· I have higher work ethic, have always conducted my duties with higher levels of discipline; I have the ability to withstand pressure at workplace; I am creative, optimistic and always driven to ensure performance improvement.
· I have good contacts and able to create a foundation for improved social networking or interaction with other professional organizations.
Weaknesses are generally negative personal attributes that I have knowledge about, are under my control and I can plan to improve. They include:
· Low self-esteem, especially when the work is compelling and lack of self-confidence especially when working will employees with higher level of experience.
· I am high tempered and may get it hard dealing with non-committed employees. This becomes a challenge when it comes to delayed decisions that have negative impacts on the performance results.
· I lack the ability to manage stress and may at time get overwhelmed very easily
· I have always considered myself not assertive and this has become a major challenge when focusing on the final output of a management decision.
· I always feel dissatisfied with new ideas, especially if such ideas are considered to be highly sensitive to the organizational businesses. This makes me be nervous when implementing new ideas
Opportunities are those external factors that I do not have control over, but are since through them, I can plan to take advantage of the business environment to improve on personal development and business outcome. They include:
· Globalization, introduction of highly improved IT systems and changing business trends of management. The above factors make business processing and performance control easier tasks
· Based on the management skills I already have, it is possible to link my personal experiences to the organizational requirements and create a base for stable growth.
· Through greater self-knowledge, there is opportunity for expanded managerial roles, better relationships with employees and improved personal planning
· There are greater opportunities in the field of prospective management and greater knowledge and experience will allow me to explore other related fields of management.
· The organization has always remains competitive and through the customers’ referrals, there is chance for the institution to create stronger customer base. This means that there is job guarantee as long as individuals are able to perform their roles according to the organizational demands or objectives.
· As a prospective manager I have the opportunity to meet managers from other organizations, which are considerably more competitive and therefore an improvements in my personal managerial skills.
· Threats are negative external factors that I have no control over but in a position to influence the effects so that there is positive outcome. They include:
· Factors such as downsizing and obsolescence that have the tendency to diminish job outcomes
· There are advanced stages of competition from my work cohort and this makes my position highly competitive
· In most cases, I have to compete with superior skills , levels of experiences and diverse knowledge, which require regular update of personal development plan
· At times, the company’s employees exhibit limited professional skills in their respective areas of work and this makes management un uphill task.
· The fact that the company has few managers in the same job area means that I have to work extensively to guarantee that the establishment meets its objectives.
· The extreme changes in business cycles have practical effects on the business performance and therefore some of the policy made may turn obsolete or impractical.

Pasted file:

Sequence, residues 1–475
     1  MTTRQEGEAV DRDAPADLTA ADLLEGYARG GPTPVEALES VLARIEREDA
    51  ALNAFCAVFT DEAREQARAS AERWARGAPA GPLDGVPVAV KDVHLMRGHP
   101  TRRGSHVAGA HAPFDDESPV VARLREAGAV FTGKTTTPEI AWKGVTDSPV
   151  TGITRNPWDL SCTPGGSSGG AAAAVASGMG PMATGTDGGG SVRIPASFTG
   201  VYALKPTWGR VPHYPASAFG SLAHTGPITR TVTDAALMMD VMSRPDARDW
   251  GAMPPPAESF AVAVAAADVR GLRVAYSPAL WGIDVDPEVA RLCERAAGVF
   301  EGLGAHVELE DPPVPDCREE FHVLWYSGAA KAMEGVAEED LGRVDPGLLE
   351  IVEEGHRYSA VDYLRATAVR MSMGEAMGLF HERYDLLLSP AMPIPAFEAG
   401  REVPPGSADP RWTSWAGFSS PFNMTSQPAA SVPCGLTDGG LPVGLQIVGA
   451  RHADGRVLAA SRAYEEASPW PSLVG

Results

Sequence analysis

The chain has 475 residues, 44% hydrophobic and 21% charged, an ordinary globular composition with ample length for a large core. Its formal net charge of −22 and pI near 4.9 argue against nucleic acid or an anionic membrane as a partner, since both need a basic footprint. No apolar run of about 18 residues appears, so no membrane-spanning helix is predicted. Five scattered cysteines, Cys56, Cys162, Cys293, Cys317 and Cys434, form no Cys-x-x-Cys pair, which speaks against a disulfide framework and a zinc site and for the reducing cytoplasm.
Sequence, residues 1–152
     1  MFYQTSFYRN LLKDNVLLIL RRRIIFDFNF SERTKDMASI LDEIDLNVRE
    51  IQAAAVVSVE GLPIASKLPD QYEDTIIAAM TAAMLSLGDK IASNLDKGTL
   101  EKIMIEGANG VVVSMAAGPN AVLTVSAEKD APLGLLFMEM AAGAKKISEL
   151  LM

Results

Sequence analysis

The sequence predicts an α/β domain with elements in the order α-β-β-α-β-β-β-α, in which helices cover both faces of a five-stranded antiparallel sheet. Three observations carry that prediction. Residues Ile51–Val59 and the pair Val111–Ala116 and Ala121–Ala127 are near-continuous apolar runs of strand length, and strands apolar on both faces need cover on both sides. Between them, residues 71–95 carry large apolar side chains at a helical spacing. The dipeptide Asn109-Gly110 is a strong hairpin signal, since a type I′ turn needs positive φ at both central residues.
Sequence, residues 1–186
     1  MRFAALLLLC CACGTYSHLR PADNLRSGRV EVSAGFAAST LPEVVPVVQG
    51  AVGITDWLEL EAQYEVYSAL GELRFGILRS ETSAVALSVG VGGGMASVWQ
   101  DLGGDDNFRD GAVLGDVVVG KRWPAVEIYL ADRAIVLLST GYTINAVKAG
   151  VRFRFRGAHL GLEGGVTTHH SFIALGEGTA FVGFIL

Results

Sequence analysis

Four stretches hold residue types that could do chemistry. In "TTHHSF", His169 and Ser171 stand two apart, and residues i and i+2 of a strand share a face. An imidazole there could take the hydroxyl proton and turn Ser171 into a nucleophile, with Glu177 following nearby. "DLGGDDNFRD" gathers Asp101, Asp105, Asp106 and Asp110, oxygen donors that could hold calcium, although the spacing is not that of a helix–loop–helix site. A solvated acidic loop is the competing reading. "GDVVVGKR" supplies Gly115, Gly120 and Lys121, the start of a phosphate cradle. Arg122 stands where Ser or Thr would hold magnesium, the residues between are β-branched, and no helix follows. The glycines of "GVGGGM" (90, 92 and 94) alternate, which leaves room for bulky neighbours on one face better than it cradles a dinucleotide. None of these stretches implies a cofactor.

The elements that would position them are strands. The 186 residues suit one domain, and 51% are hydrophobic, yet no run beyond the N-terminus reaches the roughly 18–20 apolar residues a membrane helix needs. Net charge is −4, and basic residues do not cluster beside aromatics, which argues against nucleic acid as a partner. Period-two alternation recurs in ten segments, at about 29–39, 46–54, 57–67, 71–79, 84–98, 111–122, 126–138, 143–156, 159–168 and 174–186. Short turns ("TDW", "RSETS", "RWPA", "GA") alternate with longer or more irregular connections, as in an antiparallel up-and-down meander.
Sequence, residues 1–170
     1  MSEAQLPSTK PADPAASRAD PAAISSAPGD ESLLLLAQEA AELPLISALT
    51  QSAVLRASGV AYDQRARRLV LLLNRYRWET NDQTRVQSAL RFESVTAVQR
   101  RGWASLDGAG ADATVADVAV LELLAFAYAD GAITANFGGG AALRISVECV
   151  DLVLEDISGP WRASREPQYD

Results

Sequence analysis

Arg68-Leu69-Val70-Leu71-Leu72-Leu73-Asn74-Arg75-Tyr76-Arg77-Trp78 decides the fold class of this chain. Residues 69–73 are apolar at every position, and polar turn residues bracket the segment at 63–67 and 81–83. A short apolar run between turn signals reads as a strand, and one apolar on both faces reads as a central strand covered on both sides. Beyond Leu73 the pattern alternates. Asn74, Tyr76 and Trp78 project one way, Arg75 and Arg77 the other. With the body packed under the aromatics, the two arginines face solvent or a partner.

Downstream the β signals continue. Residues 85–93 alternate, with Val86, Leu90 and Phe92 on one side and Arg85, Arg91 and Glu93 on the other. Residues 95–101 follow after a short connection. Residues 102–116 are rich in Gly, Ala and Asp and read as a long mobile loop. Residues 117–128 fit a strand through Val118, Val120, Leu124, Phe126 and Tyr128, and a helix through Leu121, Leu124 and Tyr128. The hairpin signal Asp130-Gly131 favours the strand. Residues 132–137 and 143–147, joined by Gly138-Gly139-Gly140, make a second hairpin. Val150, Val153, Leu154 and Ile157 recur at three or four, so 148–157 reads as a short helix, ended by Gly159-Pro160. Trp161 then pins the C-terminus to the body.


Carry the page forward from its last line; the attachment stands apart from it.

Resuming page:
2.3 Setting and prioritising objectives and targets to develop personal potential
Studies have shown that managers who set objectives by planning their time in more realistic manners always obtain maximum benefits from their areas of engagement (Thomas 2006). The various stages like specifying the kind of goals to be achieved, visualizing the results of a particular process, breaking large goals into smaller manageable tasks and prioritizing on the details of the set steps improves personal performances. On the hand, prioritising on the objectives is deemed fit for those managers who would want to keep up to date with the demands placed on the organization son that urgent needs can be considered or handled first and effectively (Thomas 2006). The manager should be in a position of determining lower objectives, which are most cases having the characteristics of becoming imminent. In case of a sudden change in the goals, the management to be in a position to adjust time and priorities attached to each objective so that there is review and update of personal potentials.
For the purposes of developing personal potentials, the manager needs to prioritize objectives and targets, which can be done using a grid of urgency as discussed below.
Priority 1: The objectives included in this cell should be prioritised over all other objectives since they define an individual and his or her management roles. Even though the manager may include other priorities, it is significant to note that he or she will be finally responsible for the various outcomes and therefore needs to ensure that each leading task is performed effectively an within the time allocated.
Priority 2: The objectives outlined in the second cell are not the managers’ priorities, but there is need to consider them since they are still important to personal development. The fact that these objectives or activities are important means that the manager should consider performing them in time just like other priorities since any failure will make them to fall under priority1. The leading tasks may be delegated so that the available time is optimized, but it also become significant for the management to supervise and offer appropriate support to maintain the objected level of quality.
Priority 3: The objectives included here are considered urgent but may not be important towards personal development. The fact that these tasks are not important means that the manager should not put much effort and time on them since they may end up delaying even the most important tasks that need to be performed. If possible, the manager should delegate the leading roles or tasks at this stage so that there are no delayed responses to the most stringent tasks.